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Volume 8 - Opinions of Counsel SBEA No. 73

Opinions of Counsel index

Tax deed (conveyance of title by warranty deed) - County Law, § 215; Real Property Tax Law, §§ 1018, 1166:

Although the more common practice is to convey by quitclaim deed title to real property acquired for non-payment of taxes, there is no statutory prohibition against a county conveying title by warranty deed.

We have been asked whether a county may by warranty deed convey title to property acquired for non-payment of taxes.

The only New York case on point of which we are aware is Rubin v. City of New York, n.o.r., 16 N.Y.S.2d 373 (S.Ct., Kings Co. 1939). At issue was former section 205 of the New York City Charter which provided that commissioners of the sinking fund had power to sell and convey “the right, title and interest” of the City in certain lands. In construing the quoted language, the court concluded that “[n]o warranties or representations could be made under this section” (16 N.Y.S.2d at 374). In short, the commissioners were limited by such language to conveying title by quitclaim deed.

The sale or leasing of county real property is subject to the provisions of section 215 of the County Law, subdivision five of which includes language identical to that construed in the Rubin case. That subdivision provides that if the county board of supervisors determines any county real property is no longer necessary for public use, it may sell and convey “all the right, title and interest” of the county. Thus, if the Rubin case is a proper construction of New York law generally {1}, subdivision five of section 215 would limit the authority of a county legislative body to conveying title to real property by quitclaim deeds.

However, note that subdivision eight of section 215 of the County Law makes the provisions of subdivision five inapplicable “to the disposition of real property acquired . . . by tax title.” Other provisions of law apply. For example, where a county acquires title to real property for non-payment of taxes pursuant to Article 10 of the Real Property Tax Law [RPTL], “the title thus acquired . . . may be disposed of. . . at such times and upon such terms as shall be determined by a majority of the board of supervisors at any meeting thereof” (RPTL, § 1018(4) (emphasis added)). {2}  We have interpreted this language as granting the county board very broad authority in fixing the terms and conditions in regard to the disposition of property so acquired (see, e.g. 7 Op.Counsel SBEA Nos. 62, 106). It may, in fact, be indefinite enough that a county board might reasonably conclude that it could convey title by warranty deed.

The question has also been raised, however, as to whether the issuance of a warranty deed might not contravene the general rule prohibiting one legislative body from restricting or limiting the ability of a successor legislature to act. We believe that rule is inapplicable to these circumstances. The Court of Appeals has defined that prohibition as follows: “Unless specifically provided by statute or charter provisions, one county legislature may not bind the hands of its successors in areas relating to governmental matters [citations omitted]” (Morin v. Foster, 45 N.Y.2d 287, at 293, 380 N.E.2d 217, 408 N.Y.S.2d 387, at 390 (1978) (emphasis added)). The rule has elsewhere been described as limited to “discretionary authority” in areas relating to “governmental or legislative functions” (Quigley v. City of Oswego, 71 A.D.2d 795, 419 N.Y.S.2d 27, at 29 (4th Dept. 1979)). While the line between governmental and proprietary functions is often a fine one, the disposition of real property acquired for non-payment of taxes is clearly in the latter category. Accordingly, the rule discussed above would not apply to these facts.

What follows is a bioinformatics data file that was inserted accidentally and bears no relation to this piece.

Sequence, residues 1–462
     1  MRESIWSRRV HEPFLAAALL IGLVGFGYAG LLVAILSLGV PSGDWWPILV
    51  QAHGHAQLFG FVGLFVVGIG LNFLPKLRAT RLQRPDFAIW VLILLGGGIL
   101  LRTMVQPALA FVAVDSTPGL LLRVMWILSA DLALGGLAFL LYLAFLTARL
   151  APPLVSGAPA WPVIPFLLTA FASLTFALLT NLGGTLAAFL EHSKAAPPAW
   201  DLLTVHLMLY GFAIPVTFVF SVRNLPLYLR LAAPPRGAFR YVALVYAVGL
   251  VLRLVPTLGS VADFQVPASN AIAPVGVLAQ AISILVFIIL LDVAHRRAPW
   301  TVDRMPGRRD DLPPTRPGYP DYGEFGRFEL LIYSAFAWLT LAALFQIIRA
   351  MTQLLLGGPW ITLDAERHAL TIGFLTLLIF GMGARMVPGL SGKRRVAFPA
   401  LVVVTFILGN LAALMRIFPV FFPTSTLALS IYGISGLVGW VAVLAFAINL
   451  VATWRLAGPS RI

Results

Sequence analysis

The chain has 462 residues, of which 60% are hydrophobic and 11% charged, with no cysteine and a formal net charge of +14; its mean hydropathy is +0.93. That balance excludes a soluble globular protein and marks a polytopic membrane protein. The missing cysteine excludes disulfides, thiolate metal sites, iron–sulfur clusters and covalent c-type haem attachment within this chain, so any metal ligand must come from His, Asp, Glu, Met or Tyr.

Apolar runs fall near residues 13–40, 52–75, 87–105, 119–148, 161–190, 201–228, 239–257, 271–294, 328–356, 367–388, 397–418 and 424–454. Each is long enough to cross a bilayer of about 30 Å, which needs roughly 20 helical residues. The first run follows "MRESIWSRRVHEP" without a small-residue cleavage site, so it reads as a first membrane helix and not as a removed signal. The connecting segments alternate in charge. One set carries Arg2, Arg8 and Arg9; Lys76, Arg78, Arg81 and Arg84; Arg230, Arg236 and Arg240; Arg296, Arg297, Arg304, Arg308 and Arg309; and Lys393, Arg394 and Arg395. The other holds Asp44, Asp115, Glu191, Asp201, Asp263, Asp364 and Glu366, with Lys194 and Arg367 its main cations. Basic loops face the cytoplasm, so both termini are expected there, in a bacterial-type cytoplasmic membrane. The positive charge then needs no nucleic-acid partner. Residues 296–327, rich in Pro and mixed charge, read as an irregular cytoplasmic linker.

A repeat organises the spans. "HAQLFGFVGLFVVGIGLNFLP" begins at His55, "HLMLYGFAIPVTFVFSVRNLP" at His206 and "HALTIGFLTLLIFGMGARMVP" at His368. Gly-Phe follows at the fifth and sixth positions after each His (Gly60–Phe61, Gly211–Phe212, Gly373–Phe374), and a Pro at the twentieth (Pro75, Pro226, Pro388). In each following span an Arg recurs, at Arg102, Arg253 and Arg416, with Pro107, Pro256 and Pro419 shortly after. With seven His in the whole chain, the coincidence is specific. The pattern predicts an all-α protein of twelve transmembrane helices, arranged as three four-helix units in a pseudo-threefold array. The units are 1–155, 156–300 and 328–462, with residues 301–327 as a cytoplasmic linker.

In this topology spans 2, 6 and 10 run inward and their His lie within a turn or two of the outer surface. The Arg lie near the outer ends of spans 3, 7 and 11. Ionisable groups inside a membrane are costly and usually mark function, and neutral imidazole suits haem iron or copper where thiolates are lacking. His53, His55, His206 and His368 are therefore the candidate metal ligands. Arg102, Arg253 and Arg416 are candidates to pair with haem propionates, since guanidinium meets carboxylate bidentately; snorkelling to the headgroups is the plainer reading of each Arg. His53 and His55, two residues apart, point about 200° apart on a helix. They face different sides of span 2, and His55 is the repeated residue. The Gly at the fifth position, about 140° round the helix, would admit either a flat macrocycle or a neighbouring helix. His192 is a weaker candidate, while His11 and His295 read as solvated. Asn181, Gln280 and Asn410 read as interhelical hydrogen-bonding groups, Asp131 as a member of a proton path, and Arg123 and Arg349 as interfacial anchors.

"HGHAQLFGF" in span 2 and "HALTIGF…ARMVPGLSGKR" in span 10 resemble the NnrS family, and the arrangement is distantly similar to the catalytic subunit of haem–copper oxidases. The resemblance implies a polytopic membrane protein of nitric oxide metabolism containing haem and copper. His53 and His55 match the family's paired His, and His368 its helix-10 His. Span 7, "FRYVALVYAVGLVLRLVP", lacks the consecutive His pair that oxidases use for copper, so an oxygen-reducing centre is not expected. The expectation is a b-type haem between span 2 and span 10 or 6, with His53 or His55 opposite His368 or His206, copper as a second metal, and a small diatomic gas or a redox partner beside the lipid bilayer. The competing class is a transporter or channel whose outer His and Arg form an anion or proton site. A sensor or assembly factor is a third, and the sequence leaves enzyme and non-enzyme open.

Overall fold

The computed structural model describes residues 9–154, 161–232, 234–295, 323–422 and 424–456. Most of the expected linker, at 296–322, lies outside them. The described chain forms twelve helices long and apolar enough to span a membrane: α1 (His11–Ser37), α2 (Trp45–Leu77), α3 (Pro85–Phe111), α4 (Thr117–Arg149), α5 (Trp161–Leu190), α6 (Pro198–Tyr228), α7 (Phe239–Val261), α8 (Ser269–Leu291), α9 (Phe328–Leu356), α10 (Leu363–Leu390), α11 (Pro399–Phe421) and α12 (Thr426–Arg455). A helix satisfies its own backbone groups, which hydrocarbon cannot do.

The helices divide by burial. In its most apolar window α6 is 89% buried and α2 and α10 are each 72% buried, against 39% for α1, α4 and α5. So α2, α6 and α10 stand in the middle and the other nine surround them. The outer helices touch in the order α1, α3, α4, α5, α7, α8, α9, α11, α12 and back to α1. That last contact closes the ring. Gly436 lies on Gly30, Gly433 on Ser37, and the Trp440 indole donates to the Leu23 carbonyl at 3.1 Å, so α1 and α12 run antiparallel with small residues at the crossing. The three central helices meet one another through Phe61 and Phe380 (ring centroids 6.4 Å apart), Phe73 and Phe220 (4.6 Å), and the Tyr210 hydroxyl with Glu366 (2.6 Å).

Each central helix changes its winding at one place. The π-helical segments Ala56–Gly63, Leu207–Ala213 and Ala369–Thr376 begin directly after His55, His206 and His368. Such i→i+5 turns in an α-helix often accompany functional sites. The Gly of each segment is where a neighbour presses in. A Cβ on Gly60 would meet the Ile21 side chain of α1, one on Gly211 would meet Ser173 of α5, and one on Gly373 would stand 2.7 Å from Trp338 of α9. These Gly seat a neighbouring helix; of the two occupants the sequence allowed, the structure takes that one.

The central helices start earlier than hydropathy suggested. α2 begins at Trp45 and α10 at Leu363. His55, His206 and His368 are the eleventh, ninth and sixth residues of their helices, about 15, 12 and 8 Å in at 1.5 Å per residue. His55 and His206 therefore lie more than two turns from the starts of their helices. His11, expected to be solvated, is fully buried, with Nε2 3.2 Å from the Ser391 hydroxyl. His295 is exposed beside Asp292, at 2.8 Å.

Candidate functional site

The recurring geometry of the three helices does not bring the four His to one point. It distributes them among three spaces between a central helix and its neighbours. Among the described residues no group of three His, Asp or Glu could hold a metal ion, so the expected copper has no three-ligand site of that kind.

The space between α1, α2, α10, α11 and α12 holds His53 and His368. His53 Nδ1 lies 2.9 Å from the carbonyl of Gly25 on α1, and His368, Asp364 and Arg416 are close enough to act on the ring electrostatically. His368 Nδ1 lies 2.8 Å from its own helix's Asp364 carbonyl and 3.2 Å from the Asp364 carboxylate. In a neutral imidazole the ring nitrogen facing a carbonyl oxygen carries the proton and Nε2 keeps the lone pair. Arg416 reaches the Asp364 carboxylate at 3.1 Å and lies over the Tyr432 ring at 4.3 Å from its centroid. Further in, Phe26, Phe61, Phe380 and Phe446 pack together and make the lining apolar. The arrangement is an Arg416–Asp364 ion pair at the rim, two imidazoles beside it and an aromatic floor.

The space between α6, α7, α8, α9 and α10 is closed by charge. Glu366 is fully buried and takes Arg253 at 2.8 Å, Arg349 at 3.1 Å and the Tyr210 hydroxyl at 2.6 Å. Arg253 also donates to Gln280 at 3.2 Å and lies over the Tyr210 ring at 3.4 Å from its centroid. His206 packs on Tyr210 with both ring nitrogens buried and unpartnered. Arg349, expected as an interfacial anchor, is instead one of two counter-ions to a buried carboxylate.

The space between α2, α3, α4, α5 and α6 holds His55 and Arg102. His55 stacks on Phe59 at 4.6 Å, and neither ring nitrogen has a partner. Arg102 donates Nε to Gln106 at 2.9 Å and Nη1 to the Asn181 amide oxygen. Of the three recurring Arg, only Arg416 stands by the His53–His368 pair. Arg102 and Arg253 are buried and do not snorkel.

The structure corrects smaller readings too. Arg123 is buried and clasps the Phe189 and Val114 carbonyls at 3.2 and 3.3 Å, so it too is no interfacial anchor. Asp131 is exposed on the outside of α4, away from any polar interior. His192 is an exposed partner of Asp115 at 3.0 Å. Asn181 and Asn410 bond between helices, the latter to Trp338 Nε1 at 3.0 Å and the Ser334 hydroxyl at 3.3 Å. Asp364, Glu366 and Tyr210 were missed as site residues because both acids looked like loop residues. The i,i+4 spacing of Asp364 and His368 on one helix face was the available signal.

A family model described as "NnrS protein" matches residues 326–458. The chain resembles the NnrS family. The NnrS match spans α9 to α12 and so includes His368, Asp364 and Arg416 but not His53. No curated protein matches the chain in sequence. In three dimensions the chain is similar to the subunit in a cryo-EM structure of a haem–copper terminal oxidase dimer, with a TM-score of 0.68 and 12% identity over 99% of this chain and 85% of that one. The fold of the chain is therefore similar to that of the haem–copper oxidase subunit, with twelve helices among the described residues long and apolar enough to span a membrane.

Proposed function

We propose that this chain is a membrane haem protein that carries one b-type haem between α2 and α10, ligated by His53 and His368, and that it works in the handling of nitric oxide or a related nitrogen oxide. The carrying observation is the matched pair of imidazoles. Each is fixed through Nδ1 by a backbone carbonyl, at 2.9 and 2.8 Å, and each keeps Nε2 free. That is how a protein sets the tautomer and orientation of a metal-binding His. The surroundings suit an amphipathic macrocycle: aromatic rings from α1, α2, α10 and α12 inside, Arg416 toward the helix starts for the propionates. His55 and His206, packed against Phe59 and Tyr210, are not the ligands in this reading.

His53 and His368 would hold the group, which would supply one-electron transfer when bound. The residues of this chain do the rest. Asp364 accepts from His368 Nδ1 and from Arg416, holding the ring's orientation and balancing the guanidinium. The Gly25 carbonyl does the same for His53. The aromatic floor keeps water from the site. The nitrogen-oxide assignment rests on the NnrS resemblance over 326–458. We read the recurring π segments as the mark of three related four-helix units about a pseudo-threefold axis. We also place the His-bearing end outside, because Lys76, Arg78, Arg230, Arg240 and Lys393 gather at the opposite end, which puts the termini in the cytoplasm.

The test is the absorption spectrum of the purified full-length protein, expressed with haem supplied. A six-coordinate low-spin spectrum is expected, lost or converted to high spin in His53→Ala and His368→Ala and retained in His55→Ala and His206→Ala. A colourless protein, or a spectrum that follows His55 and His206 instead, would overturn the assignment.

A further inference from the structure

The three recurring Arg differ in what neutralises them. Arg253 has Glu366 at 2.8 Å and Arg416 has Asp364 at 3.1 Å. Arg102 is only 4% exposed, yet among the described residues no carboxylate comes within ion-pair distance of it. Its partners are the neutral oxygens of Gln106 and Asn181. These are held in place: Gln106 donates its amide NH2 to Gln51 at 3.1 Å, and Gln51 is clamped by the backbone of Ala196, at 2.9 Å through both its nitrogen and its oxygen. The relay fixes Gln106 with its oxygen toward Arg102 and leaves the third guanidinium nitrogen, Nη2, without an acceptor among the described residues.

Finally, at least one expert on the subject of municipal law believes the general rule to be that a municipal corporation may issue a warranty deed. In 10 McQuillin Mun. Corp. (3rd Ed.), Corporate Property, § 28.44c, at 141, we find the statement that “[c]ovenants of general warranty may be included in a conveyance by a municipal corporation; and a resolution authorizing the mayor to execute a deed authorizes him to insert a general warranty covenant.” As authority for these propositions, the author cites a South Carolina case (Carter v. Greenville, 176 S.C. 130, 178 S.E. 508) and one from Texas (Abbott v. Galveston, 97 Tex. 474, 79 S.W. 1064).

June 26, 1985

{1}  There is some support for this conclusion in other New York cases construing the phrase “right, title and interest”. For example, in Maerlender v. Barasch, 279 App.Div. 1027, 112 N.Y.S.2d 259 (2d Dept. 1952), the court said: “The words, ‘right, title and interest’, as used in conveyances, have acquired a definite meaning, not importing ownership but conveying whatever title the grantor has, and that alone. The grant is of all the right, title, and interest in the land, and not of the land itself, nor of any particular estate in the land [Citations omitted]” 112 N.Y.S.2d at 260-261. This construction also seems consistent with that applied by courts in other states (see cases cited in Words and Phrases, Vol. 43A, “Right, Title and Interest”, at 441-443 (West Publishing Co., 1980)).

{2}  Similarly, property acquired by in rem foreclosure may be sold I “either with or without advertising for bids” (RPTL, § 1166(1)).